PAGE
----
The UK will become an independent coastal state from January 1 when the transition period ends.
That means it will be in control of its waters and will have the ability to decide who fishes in them and how much they are allowed to catch.
The UK has long been adamant that British trawlers will be given priority while EU boats will see their access reduced.
This has been hard for Brussels to accept, with the bloc having started trade negotiations by demanding its trawlers keep pre-Brexit levels of access to UK waters.
Such an approach was a complete non-starter for the UK because restoring control of domestic waters was one of the key pledges made by the Leave campaign at the 2016 referendum.
At the moment EU boats catch a majority of fish in UK waters – approximately 70 per cent by volume.
Brussels recently changed its negotiating stance and offered to hand back 18 per cent of its current quota. It also suggested negotiating fishing quotas every 10 years to give EU fishing boats some certainty.
The UK dismissed the 18 per cent offer as ‘derisory’ because it wanted to cut Brussels’ quota by something like 80 per cent, with annual negotiations on the numbers and potentially a ban on all EU boats fishing within 12 miles of the British coast.
Britain is thought to have updated its offer to grant the EU three years of the same access for the area 12 to 200 miles off the coast but with no access to the 12 mile zone.
The path to an agreement on fishing rights is fraught with difficulty because it is politically explosive on both sides.
The UK does not want to be seen to have backed down on one of the crunch referendum issues while European nations with a large fishing presence in British waters, most notably France, are afraid of the domestic repercussions if they fail to secure high levels of access.
The UK and the EU have been unable to agree post-Brexit fishing rights. Britain will become an independent coastal state from January 1
This map created by the Institute for Government shows in blue the extent of the UK’s Exclusive Economic Zone – the waters Britain will take back control of after Brexit. At the moment the EEZ of every EU member state is merged into one large zone which can be accessed by fishermen from all over Europe. Fishing activity in the zone is regulated by the EU’s Common Fisheries Policy. Under the CFP member states do retain control of the regulation of fishing activities in inshore waters – those up to 12 miles off the coast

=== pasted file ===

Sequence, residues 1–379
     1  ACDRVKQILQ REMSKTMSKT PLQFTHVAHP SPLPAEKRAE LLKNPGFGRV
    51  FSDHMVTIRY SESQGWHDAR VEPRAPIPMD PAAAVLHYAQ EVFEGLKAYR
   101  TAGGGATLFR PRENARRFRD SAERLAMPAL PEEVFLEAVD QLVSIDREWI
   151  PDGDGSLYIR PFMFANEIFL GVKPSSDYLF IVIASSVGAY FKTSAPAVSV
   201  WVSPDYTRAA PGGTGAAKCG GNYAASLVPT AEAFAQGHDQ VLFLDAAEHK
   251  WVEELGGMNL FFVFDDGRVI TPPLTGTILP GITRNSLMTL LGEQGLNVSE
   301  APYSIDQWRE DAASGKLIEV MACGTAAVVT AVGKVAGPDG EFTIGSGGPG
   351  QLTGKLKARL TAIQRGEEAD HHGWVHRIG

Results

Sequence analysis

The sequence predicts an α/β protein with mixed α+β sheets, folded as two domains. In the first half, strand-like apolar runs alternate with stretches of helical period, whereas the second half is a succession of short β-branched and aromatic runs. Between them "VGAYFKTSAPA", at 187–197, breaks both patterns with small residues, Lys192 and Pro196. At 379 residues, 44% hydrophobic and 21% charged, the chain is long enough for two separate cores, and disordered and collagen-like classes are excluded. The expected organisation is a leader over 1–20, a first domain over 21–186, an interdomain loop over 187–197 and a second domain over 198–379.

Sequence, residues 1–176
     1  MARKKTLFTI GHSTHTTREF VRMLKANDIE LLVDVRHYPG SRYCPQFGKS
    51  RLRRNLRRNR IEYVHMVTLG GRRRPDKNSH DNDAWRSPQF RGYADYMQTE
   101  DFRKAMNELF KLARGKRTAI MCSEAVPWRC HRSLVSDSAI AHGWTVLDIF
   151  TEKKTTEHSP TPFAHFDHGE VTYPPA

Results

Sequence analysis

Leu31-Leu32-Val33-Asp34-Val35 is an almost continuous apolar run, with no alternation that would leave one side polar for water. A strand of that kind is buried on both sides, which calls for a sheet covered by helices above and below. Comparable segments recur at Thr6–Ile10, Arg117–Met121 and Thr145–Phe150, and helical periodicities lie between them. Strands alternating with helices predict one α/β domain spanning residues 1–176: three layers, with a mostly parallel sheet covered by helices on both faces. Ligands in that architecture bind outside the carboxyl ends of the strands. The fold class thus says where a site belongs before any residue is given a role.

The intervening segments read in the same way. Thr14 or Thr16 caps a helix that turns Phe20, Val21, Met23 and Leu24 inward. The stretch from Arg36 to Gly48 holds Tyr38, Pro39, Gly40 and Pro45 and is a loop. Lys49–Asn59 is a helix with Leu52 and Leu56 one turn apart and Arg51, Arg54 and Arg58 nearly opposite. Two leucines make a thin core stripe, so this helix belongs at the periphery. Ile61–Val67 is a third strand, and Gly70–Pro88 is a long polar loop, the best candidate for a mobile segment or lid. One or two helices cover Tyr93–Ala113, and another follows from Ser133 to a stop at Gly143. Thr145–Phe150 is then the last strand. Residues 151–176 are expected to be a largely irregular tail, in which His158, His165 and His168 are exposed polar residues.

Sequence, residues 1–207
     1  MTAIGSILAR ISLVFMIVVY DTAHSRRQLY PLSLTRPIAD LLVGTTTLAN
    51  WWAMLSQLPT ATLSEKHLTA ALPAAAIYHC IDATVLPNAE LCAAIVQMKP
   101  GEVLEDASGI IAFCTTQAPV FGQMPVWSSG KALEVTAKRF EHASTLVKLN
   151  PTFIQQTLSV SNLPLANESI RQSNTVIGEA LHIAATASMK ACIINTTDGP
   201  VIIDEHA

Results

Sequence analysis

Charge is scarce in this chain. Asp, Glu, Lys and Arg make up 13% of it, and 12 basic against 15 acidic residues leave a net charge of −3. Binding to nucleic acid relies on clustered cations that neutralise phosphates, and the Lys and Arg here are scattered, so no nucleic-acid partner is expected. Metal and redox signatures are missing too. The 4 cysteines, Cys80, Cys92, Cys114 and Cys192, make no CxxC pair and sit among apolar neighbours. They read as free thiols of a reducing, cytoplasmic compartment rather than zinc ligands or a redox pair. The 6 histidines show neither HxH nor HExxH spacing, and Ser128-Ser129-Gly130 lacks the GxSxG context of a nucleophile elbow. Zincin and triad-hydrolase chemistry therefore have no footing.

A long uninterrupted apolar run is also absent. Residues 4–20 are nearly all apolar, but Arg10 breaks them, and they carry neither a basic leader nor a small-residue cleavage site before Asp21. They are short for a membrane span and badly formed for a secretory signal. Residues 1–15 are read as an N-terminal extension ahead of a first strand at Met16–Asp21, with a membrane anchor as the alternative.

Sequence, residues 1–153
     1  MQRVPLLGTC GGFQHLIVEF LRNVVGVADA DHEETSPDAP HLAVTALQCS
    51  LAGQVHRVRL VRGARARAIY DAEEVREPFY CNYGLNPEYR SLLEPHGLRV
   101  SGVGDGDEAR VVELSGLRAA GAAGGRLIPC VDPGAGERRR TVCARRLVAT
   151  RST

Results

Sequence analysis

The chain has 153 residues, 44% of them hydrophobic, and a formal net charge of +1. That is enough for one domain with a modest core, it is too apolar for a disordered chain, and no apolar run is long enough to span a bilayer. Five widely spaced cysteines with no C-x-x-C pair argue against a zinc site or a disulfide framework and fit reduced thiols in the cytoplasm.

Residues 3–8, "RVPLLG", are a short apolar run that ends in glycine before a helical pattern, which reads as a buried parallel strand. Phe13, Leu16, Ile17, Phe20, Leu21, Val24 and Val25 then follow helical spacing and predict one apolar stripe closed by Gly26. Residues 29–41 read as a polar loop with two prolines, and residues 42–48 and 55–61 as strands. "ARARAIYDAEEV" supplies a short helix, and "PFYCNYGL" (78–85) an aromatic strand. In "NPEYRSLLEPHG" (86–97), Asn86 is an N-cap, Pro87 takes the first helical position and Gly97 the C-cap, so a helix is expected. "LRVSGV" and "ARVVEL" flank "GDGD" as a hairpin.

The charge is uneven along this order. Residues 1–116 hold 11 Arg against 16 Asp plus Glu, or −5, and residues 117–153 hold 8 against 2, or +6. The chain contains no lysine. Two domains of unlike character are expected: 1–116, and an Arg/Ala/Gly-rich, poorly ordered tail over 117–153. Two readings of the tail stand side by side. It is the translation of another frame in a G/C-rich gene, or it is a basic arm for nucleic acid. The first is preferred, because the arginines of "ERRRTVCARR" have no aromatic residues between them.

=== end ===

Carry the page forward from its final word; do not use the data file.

The level-playing field
In simple terms, the EU wants the UK to agree to stick to some rules and regulations made in Brussels in the future to prevent British businesses having an unfair advantage over their continental competition.
Areas of particular concern are things like workers’ rights and environmental standards.
The EU wants to have the ability to hit the UK with tariffs if it waters down rules or backtracks on commitments.
Brussels wants those commitments written out in detail – an approach which has caused British anger because normally trade deals only include broad aims and promises on so-called ‘regression’.
The UK does not want to be too closely tied to EU rules because it would undermine the reclaiming of sovereignty argument which was key at the referendum.
Britain also wants the imposing of tariffs for rule breaking to be subject to a tough triggering process, with Brussels having to prove UK action has given its businesses an unfair advantage.
An agreement on the issue will require movement on both sides but it will be difficult because it is underpinned by an ideological disagreement: The UK wants the freedom to do its own thing while the EU wants to protect the interests of member states.
Future governance of the deal
The two sides are struggling to agree how the terms of the trade deal would be enforced should one party fail to fulfil its commitments.
Much of the disagreement centres on the role of the European Court of Justice.
The EU wants the European Commission to be able to act unilaterally and impose tariffs if the UK breaks its promises.
Brussels believes the threat of punishment would keep Britain in line but the UK is against the approach because of fears it could spark tit-for-tat retaliation.
It is thought a compromise could be found by linking the relevant clauses in the deal on governance to World Trade Organisation rules which regulate retaliatory action.
However, the issue is fundamentally intertwined with the ‘level-playing field’ disagreement, further complicating the route to a breakthrough.